On the last page of his book, the author admits that racism is a permanent stain on the soul of America, but he suggests that people of good conscience cannot stop waging the moral battle to try to right the insidious wrong. His message is to fight for our better angels and, in the words of our greatest president, to try for “a more perfect union.”
I agree with Corey Robin; Justice Clarence Thomas does not.
Crossposted with Washington Independent Review of Books
Originally published in Washingtonian October 2019
I’ve been in DC since, let’s see . . . since Abraham Lincoln was President! I came to help with Senator Eugene McCarthy’s Foreign Relations Committee mail for a six-week stint, but I ended up in his Senate office and stayed four years. I remember that his personal secretary, who looked like she had been on the job 102 years, took one look at me and said, ‘Can she type or take shorthand?’ McCarthy replied, ‘We don’t ask the impossible of anyone around here.’ I thought, This guy has got a great sense of humor.
When I left the Hill in 1968, I became the researcher for the Washington Post editorial page. After two fabulous years at the paper, I got a book contract to investigate the beauty-spa industry. Since I weighed three pounds less than a horse, I signed fast and saddled up to visit every fat farm in the country. I got myself down to pony size, and the book probably sold 14 copies—all to my mother.
Then I backed into writing biographies, beginning with Jackie Oh! I love the genre, but writing an unauthorized biography brings its challenges. The subjects I’ve chosen are extremely powerful public figures who’ve had a vast impact on our lives and are fully invested in their images. Consequently, the blowback can be considerable.
I remember when my Nancy Reagan book came out in 1991, my late husband, John, who was courting me at the time, took me to Bice, then a real hot spot in DC. As we walked in, a man stood up and started yelling, ‘Booooo! Get that bitch out of here! Boo! Boo!’ John turned around to see who the guy was yelling at. I knew and looked straight ahead, praying not to cry. The man kept yelling, everyone turned to look, and then a woman on the other side of the restaurant started yelling, ‘No, no—she’s brave!’ The two of them went at each other, and the restaurant suddenly looked like tennis at Wimbledon, turning from one side to the other. The maître d’ brought us to a table, and John buried himself in the wine list. Then a guy from the middle of the room threw his napkin on the floor and headed for our table. I thought for sure we were goners. He spread out his arms and embraced me: ‘Kitty, you don’t know me, but I’m going to stand here until this stops.’ It was Tony Coehlo, the majority whip in the House of Representatives. I introduced him to John, who said, ‘Congressman, you go in the will.’ John told me later he was going to propose over dinner but was so flummoxed by what happened, he put it off for 24 hours.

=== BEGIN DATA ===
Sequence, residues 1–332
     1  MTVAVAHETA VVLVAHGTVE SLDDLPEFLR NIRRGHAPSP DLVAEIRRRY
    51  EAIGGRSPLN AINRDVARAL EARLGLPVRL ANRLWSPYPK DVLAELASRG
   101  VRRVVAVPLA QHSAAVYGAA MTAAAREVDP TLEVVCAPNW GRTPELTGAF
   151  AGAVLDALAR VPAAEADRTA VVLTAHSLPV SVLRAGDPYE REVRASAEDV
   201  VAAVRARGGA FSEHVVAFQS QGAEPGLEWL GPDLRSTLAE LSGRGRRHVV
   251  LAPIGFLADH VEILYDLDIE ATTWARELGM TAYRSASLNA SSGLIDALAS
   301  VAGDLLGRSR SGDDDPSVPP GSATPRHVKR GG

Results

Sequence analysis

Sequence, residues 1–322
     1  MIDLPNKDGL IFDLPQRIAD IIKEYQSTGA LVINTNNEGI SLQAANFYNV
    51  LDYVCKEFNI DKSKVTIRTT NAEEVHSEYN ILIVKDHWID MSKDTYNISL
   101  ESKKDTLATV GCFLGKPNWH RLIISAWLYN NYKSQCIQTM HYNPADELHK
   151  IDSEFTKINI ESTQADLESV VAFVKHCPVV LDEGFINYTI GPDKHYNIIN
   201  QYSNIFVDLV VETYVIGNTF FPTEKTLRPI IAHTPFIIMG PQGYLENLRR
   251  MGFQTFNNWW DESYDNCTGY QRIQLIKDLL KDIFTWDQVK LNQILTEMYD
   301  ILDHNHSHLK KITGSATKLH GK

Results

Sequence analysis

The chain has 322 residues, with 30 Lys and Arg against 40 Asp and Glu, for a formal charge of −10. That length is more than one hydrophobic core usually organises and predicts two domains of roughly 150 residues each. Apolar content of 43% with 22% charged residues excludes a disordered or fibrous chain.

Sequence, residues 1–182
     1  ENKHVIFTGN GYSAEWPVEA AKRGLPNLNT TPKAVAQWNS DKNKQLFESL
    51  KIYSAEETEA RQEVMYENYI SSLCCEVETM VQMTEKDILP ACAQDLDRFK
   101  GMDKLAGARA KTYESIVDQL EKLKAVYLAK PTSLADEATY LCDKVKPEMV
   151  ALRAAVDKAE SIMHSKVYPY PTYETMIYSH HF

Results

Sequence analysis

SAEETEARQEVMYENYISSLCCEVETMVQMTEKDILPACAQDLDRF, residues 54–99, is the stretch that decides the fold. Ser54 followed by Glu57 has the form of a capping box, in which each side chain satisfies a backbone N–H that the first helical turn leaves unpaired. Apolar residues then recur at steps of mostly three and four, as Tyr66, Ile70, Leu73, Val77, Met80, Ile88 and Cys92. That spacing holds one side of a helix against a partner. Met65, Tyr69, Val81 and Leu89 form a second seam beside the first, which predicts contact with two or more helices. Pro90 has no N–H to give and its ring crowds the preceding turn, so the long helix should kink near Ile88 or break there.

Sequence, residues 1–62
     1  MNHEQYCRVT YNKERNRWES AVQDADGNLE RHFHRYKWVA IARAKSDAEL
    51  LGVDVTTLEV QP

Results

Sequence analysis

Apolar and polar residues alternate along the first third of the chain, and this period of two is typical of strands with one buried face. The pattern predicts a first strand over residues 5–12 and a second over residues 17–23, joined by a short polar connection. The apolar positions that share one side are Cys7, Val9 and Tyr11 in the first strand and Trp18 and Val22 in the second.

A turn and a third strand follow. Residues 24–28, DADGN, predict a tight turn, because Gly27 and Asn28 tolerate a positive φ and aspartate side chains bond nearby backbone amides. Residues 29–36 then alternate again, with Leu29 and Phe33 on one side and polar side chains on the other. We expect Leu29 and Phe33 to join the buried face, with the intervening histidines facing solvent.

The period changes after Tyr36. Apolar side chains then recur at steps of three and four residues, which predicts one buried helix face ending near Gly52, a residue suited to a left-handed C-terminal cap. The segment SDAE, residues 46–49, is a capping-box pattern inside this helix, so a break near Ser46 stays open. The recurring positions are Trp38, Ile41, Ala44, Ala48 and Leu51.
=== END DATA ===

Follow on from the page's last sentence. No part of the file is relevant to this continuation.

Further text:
My Bush-family book drew fire from the White House, the Republican National Committee, and the GOP leader in the House of Representatives. I framed all the cartoons and hung them where they belong—in the loo. My favorite is the bubble-headed blonde in Chanel shoes parachuting into Saddam Hussein’s bunker, scattering the armed guards, who yell, ‘Run for your lives! It’s Kitty Kelley!’
I don’t write about just anybody. I only choose huge figures who have manufactured a public image. I’m fascinated to find out what they’re really like. I’m not doing another great big bio simply because, at this moment in time, I don’t want to know what anyone out there is really like. Certainly not Trump. Melania? Oh, definitely not.
I’ve already done seven New York Times bestsellers. I can’t say that I loved doing them, but I sure loved finishing them.
by Kitty Kelley
Political junkies will cartwheel into line to grab copies of The Gatekeepers: How the White House Chiefs of Staff Define Every Presidency by Chris Whipple. They might not be as mesmerized as they were with The Making of the President by Theodore H. White or What It Takes by Richard Ben Cramer, but they’ll have in hand a bible on presidential sons-of-bitches. (That’s how H.R. Haldeman defined the position before he had to resign and go to prison as one of 48 people who served time for serving Richard M. Nixon, the Watergate president.)
The White House chief of staff is considered the most powerful unelected person in Washington, DC, because he — there’s never been a she — controls access to the leader of the free world. As the president’s main adviser and closest confidante, the chief of staff determines the administration’s legislative agenda and communicates with Congress and the Cabinet. He is the spear-catcher who protects the president from all incoming flak.